UBC Reports | Vol. 48 | No. 5 | Mar.
The right mix
Who says you can't DJ with CDs ? Not graduate student Tim Beamish
by Helen Lewis staff writer
Tim Beamish was the only kid in Trinity, Nfld., with a passion
for hip-hop music in the early '90s -- he knows that for a fact.
After all, even in a busy summer there are only 200 people in the
tiny fishing village where he grew up working in his family's whale-watching
Living three hours from anywhere, Beamish got his DJing start
when he spent every cent from his eighth-grade summer jobs on two
turntables, a mixer and a rare second-hand drum machine, and began
scratching records in his room.
It was hard to keep the dream alive, being the 0.5 percent of
the population who shunned Bryan Adams and Mötley Crüe
in favour of Public Enemy and Rap City.
But now his obsession is set to pay off for DJs everywhere.
These days Beamish is combining DJing -- his passion and part-time
job -- with his talent for Computer Science in a unique master's
degree project at UBC.
His thesis involves creating a new DJ set-up to mix and compose
music in a digital environment.
"I'm looking at ways of incorporating the standard DJ setup (two
turntables, a mixer and a crate of records) into a digital realm
where the DJ can use digital MP3 and CD music and effects without
losing the performance aspect," he says.
"DJs currently use vinyl records largely as a means of control
-- it's really important that they can use their hands to get an
instant reaction in what happens to the music. I want to make a
direct, hands-on approach to digital music possible."
Beamish studied the tasks a DJ performs in the traditional setup
and then set out to make those easier through his research.
The result is D'Groove, a digital turntable system that allows
DJs to play digital music while keeping the look and feel of a traditional
turntable and offers more creative options than traditional vinyl
D'Groove uses two turntable devices attached to a computer running
a media player. Two-way communication between the turntables and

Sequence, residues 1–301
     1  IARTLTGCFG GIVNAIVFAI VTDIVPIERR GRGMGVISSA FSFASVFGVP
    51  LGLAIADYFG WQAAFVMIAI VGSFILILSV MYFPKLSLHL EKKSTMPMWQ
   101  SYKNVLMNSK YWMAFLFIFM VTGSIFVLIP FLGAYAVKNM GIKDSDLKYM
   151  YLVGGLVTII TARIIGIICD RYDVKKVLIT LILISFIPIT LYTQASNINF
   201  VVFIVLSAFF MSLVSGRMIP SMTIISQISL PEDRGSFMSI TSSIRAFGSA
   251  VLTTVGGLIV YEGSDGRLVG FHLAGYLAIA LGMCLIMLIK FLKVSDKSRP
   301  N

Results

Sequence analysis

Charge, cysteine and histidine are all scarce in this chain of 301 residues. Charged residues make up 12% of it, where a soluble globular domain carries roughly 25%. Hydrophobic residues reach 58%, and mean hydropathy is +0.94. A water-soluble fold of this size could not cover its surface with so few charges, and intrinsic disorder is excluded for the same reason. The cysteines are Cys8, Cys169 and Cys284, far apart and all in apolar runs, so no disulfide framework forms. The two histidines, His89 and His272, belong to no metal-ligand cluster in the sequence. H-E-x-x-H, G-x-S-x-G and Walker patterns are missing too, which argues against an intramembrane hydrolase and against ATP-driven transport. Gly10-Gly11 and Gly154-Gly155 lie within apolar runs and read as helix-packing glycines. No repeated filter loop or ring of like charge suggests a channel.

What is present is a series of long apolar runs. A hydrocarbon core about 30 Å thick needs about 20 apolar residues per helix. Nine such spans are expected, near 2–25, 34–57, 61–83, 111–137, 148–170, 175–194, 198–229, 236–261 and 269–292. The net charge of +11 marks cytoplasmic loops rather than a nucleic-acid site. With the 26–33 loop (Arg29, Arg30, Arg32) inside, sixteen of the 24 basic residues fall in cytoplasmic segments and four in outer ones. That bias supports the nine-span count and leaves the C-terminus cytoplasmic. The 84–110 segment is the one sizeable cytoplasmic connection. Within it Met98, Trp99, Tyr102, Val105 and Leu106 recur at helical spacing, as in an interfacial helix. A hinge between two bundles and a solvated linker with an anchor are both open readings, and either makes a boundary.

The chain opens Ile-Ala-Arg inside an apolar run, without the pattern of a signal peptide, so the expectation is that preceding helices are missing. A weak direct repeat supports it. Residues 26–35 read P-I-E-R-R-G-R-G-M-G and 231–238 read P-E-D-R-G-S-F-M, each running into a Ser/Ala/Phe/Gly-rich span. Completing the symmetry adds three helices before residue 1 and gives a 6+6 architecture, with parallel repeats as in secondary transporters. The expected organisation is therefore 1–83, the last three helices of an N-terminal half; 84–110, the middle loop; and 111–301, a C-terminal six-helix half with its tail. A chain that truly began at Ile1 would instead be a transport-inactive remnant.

the computer means both devices can "talk" to each other.
MP3 and other digital music from the computer is controlled by
the turntable. The turntable, in turn, can be controlled both by
the computer and the DJ's hands.
"The software I developed can make the turntable stop, or spin
at a certain speed, or spin backwards, or spin to a specific position
and then stop and spin back," Beamish says. "This means the music
will stop, or spin at a certain speed, or play backwards because
the action of the turntable controls the music.
"This system also uses haptics, a new form of Computer Science
that provides information from the computer through the sense of
touch," Beamish adds. "D'Groove gives haptic force feedback to the
DJ, making the turntable harder or easier to move, or giving bump,
bounce or spring-back effects. I can also keep my hand on it and
whatever I do with my hand happens in the music."
D'Groove aids DJs by helping complete highly complex but essential
processes such as beat-matching and record selection, leaving the
DJ free to focus on more creative mixing.
"I want to give DJs more options and help increase their level
of creativity so they can express themselves better," Beamish says.
"I don't want to fully automate what the DJ is doing. It's possible
to get a computer to mix music accurately, but you miss out on the
little human nuances and the flair, which is an important part of
why we love to see DJs perform.
"I don't want to take the process out of the DJ's hands -- I'm
a DJ and I don't want to become obsolete. I like what I'm doing,
but I want to overcome the limitations and give DJs more to play
The work has been challenging -- Beamish had no previous experience
in hardware elements so he had to learn about circuitry, optical
encoders, motors, input/output boards and writing software drivers
in order to bring his vision to life.
He is closely in touch with the music scene outside the lab, DJing
in clubs on Commercial Drive and dealing with the deluge of e-mails
from DJs giving feedback and asking when D'Groove will be commercially
And in the summer, Beamish returns to Newfoundland and performs
for more receptive crowds than he ever found during his teenage
He still spends the days guiding whale-watching tours and helping
his father, a UBC Marine Bioacoustics PhD alumnus, to conduct research
on communication with humpback whales.
"It's the best job in the world," he says. "You get up around
5 a.m. and you never know what you'll do that day -- you could be
hiking, or going out in the boat, or helping rescue a humpback whale
from a codfish net. You do all kinds of crazy stuff."
Beamish is constantly improving D'Groove, sharing the progress
through his Web site (www.cs.ubc.ca/~tbeamish)
and researching the many other facets of DJ work open to improvement.
"I'm overflowing with the number of things I can work on in this
area," he says.
"I could spend a lifetime working on cool toys to improve a DJ's